Coaches facing the inevitable outcome

sports@macon.comOctober 13, 2012 

It is human nature to procrastinate on the inevitable. We occasionally do it in our own lives. If there’s something that seems bound to happen, particularly something that’s not exactly positive, we sometimes put it off for as long as possible.

It’s often done in college football. Even when we know a head coach is not going to survive, the ending is always dreaded, especially if it’s a coach who has done something good in his time on the job.

Georgia fans have debated all week whether Mark Richt will inevitably be let go. Last week’s loss in Columbia was perhaps the worst of Richt’s career. It was the type of loss that had many wondering if Richt is in over his head.

Richt has been the head coach in Athens for 12 years. It would be one thing if this were Iowa or Oklahoma State. But this is Georgia, a team in the SEC. The Bulldogs have had to watch four teams in their conference win a national championship in each of the past six years.

If Richt can’t get the job done, after all these years, what can save him? He’s a nice guy. People like him. He represents the university well. But he’s paid a ton of money to win championships, and if it doesn’t look like he’s going to be the one to do it, why keep him around?

Others will ask how you could even think about firing a coach who has won two conference titles (albeit the last one was seven years ago) and had seven seasons in which he has won 10 or more games.

Georgia has won five games so far this season. The Bulldogs have games left with Kentucky, Florida, Mississippi, Auburn, Georgia Southern and Georgia Tech. You could argue that Florida is the only tough game remaining. So if Richt wins 10 regular-season games again this season, should he be fired?

If Georgia plays like it did last week against South Carolina when it plays Florida, people will want Richt gone no matter what. And what happens if Georgia struggles or even loses one of those other games?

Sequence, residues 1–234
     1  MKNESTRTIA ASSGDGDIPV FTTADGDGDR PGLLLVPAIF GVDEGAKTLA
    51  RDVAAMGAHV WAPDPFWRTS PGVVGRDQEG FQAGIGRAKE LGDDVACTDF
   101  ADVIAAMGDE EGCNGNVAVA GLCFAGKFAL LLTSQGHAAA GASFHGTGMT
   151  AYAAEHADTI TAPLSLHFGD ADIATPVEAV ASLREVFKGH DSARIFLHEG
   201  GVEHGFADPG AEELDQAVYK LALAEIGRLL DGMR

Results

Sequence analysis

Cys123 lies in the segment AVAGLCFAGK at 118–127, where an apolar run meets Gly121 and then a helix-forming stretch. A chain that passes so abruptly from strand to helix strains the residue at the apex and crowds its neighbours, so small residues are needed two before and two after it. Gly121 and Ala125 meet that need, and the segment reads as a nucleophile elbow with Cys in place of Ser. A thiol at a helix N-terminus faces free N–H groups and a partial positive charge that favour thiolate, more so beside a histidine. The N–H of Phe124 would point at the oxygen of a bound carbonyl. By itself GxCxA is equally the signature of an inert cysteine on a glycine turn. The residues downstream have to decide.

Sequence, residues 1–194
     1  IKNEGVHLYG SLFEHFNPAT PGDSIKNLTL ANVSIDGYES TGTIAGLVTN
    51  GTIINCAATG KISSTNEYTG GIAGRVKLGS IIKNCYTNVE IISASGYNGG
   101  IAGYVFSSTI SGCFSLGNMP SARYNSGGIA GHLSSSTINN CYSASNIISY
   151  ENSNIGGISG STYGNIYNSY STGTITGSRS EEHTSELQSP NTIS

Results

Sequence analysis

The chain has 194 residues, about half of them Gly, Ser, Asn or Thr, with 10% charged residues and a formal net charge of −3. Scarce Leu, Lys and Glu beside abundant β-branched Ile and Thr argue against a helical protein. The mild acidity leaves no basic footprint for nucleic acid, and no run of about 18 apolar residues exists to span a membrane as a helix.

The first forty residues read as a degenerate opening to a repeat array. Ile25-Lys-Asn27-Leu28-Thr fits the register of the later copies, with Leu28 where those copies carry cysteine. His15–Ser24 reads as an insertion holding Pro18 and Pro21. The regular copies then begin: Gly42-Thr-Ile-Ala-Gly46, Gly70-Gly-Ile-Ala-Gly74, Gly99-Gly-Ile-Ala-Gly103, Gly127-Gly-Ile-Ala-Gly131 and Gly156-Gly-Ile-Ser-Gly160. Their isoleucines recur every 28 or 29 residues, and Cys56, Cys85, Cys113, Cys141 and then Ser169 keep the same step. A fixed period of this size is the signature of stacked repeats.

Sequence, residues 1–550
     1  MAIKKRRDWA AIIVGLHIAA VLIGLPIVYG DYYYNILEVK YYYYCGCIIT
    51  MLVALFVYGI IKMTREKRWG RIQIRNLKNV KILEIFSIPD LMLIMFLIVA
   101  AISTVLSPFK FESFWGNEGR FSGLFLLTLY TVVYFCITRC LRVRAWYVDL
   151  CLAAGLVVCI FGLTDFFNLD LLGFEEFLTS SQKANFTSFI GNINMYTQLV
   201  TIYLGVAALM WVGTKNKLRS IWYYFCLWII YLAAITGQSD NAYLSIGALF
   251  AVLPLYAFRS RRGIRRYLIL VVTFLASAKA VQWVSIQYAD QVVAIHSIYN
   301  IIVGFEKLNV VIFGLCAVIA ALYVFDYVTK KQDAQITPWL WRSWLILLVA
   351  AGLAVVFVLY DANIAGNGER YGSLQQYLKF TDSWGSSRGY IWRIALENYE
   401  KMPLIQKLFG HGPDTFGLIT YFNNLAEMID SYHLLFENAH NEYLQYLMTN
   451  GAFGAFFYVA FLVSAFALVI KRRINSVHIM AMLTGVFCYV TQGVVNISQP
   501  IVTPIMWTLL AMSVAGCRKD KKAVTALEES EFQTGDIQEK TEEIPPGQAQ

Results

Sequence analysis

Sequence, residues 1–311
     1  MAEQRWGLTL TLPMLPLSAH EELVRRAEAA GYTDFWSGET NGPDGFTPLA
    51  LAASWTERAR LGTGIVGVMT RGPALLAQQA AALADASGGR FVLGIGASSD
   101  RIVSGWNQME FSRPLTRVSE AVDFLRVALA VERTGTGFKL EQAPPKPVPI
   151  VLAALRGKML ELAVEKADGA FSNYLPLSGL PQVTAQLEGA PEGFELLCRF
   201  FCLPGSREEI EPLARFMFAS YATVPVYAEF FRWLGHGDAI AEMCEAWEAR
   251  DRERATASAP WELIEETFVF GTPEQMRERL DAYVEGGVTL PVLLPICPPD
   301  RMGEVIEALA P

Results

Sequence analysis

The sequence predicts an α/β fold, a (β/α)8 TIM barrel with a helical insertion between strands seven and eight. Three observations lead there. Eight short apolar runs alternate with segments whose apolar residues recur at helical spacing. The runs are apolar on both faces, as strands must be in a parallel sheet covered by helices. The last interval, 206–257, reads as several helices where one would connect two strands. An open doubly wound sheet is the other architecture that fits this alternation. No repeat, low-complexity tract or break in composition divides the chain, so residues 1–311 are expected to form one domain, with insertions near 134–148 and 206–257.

This was supposed to be a very good team, but with an easy schedule it was hard to tell how good it is. We found out last week, and with the history against Florida, not many feel great about what could happen later this month in Jacksonville.

If Georgia fans and the administration doubt whether Richt can ever compete on the big stage, are they just delaying the inevitable? Wins against Buffalo and Missouri are nice, but teams have to show up in a huge game.

Auburn fans have to wonder if a coaching change is in their future. Gene Chizik’s Tigers are awful. Two years after winning a national title, Auburn is 1-5 and might be lucky to win two more.

Could a school actually fire a head coach two years after winning a national championship? Auburn must ask itself if it believes Chizik can pull the program out of this abyss. If not, why delay the inevitable?

Auburn fans never wanted Chizik in the first place. Remember how he was booed when he arrived at the Auburn airport to accept the job? They changed their tune after the Tigers won the title in 2010, but now that the euphoria from that is over, reality is settling in.

Auburn fans know why they won the national championship. It was quarterback Cam Newton, not Chizik, who deserves the credit. Sure, Chizik was the coach, but Newton was the reason the Tigers had the undefeated season.

Chizik was 5-19 in his two years at Iowa State before he left for Auburn. Take away the 14-0 record when Newton led the Tigers and Chizik is 17-15 as Auburn’s head coach. Maybe he’s just not very good. With Alabama looking like the best team in college football, can Auburn afford to wait on Chizik?

In the past 50 years, not many coaches have been fired after winning a title. Some left for a different job; some retired. Usually, winning a title gives a coach a longer leash, even when struggles might hit the team.

Larry Coker was fired five years after leading Miami to a championship in 2001. That was considered unusual. But if Auburn continues to crumble, Chizik won’t last two years past his big season.

Georgia Tech fans might be wondering about Paul Johnson. The Yellow Jackets are 2-4 this season and have gone 16-16 since winning the ACC in 2009. Johnson will be given time to find a new defensive coordinator for next season, but if that doesn’t work and if Georgia Tech can’t start winning bowl games, Johnson’s future might be in jeopardy, as well.

Patience is not a trait southern college football fans have. They want to win now. But sometimes the future is too tough to admit, even if we know what’s going to happen.

Listen to “The Bill Shanks Show” from 3-6 p.m. weekdays on WPLA Fox Sports 1670 AM in Macon and online at Follow Bill on

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